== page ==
Restaurant owners struggle to follow COVID-19 guidelines as temperatures drop

Torri Donley

BRIDGEPORT, W.Va (WDTV) – Bridgeport restaurant owners wonder how they’re going to handle outdoor dining as the weather gets colder. © Provided by Clarksburg-Weston WDTV Outdoor Seating Many have relied on their ability to offer temporary outside seating to stay afloat during COVID-19 ever since the reopening of restaurants in […]

BRIDGEPORT, W.Va (WDTV) – Bridgeport restaurant owners wonder how they’re going to handle outdoor dining as the weather gets colder.



a chair sitting in front of a building: Outdoor Seating


© Provided by Clarksburg-Weston WDTV
Outdoor Seating

Many have relied on their ability to offer temporary outside seating to stay afloat during COVID-19 ever since the reopening of restaurants in the mountain state. As the calendar inches closer to winter, there are concerns about those outdoor seating arrangements.

“We’re at 50% capacity now. We’re going to lose another half of that with cold weather,” says General Manager of Mia Margherita Larry Sidwell.

Options such as take out and curbside pick-up will continue.

“Hopefully we can increase our takeout business,” says Sidwell.

Managing director Scott Duarte is hoping the state will ease the restrictions soon.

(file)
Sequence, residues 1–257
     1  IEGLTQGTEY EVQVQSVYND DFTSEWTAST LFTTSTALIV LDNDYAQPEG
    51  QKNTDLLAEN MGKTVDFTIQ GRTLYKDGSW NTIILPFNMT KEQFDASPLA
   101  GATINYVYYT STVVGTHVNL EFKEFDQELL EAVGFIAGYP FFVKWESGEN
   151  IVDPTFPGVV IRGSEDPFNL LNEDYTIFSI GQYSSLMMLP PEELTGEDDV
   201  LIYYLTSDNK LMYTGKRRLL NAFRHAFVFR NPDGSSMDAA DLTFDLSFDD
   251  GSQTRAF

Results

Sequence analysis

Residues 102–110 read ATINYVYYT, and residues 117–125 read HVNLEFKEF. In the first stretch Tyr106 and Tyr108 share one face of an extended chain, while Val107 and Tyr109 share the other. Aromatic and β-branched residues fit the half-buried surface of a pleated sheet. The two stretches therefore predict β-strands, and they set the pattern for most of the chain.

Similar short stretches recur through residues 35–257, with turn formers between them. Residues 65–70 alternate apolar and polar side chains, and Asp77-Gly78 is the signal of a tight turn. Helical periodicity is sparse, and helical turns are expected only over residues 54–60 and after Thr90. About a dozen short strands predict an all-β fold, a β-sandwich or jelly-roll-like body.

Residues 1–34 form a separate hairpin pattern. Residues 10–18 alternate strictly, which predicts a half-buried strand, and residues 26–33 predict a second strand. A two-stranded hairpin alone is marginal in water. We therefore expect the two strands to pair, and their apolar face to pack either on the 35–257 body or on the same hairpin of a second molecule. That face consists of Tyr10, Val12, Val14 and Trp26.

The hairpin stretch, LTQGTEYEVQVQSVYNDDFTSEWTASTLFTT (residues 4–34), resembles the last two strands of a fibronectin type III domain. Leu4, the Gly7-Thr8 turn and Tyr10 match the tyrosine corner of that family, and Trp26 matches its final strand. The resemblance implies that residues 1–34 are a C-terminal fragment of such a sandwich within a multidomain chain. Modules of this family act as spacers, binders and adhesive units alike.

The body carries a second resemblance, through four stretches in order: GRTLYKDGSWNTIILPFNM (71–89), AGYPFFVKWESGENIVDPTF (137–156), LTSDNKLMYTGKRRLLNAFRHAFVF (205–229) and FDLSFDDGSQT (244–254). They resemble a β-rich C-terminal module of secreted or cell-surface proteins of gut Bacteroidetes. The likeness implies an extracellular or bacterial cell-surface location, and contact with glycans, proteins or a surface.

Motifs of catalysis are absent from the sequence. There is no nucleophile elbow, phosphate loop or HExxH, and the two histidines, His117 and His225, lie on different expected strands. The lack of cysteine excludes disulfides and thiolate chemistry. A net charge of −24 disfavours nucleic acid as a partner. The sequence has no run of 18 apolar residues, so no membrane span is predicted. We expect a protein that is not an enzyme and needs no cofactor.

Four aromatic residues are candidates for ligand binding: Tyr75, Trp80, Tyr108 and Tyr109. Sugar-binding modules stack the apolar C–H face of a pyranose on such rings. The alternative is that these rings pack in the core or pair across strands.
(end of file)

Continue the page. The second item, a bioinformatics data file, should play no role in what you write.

“Everyday it changes. There’s a lot of new information coming out, new procedures with training the staff to accommodate that so the 50% has been a tough one but we’re willing to do whatever it takes to follow the guidelines, possibly curb as much of this as we can,” Duarte says.

The voice of West Virginia Business Steve Roberts says that it is crucial for congress to finally agreeing on the next COVID-19 relief plan.

“it’s atrocious and an abomination to me that people who don’t have a job or who’s job has been significantly curtailed or might be curtailed in the future don’t have this safety net which we all agree is needed,” said Roberts.

Sidwell is just taking one step at a time.

“Just trying to keep it within the governor’s guidelines and do as much as we can with the space we have,” says Sidwell.

Sidwell encourages patrons to help support not only his restaurant, but other businesses throughout the upcoming months when many of them will be hit the hardest by the pandemic.

Copyright 2020 WDTV. All rights reserved.

Continue Reading

Source Article

Next Post

A Detailed Accounting of Recipes

Kenneth M. Horwitz is first an accountant and a lawyer. But for decades, his avocation has been cooking. “Deep Flavors,” his hefty new cookbook, is a compendium of his own recipes (sometimes adapted from others) all written for a kosher kitchen. He approaches the kitchen with the same attention to […]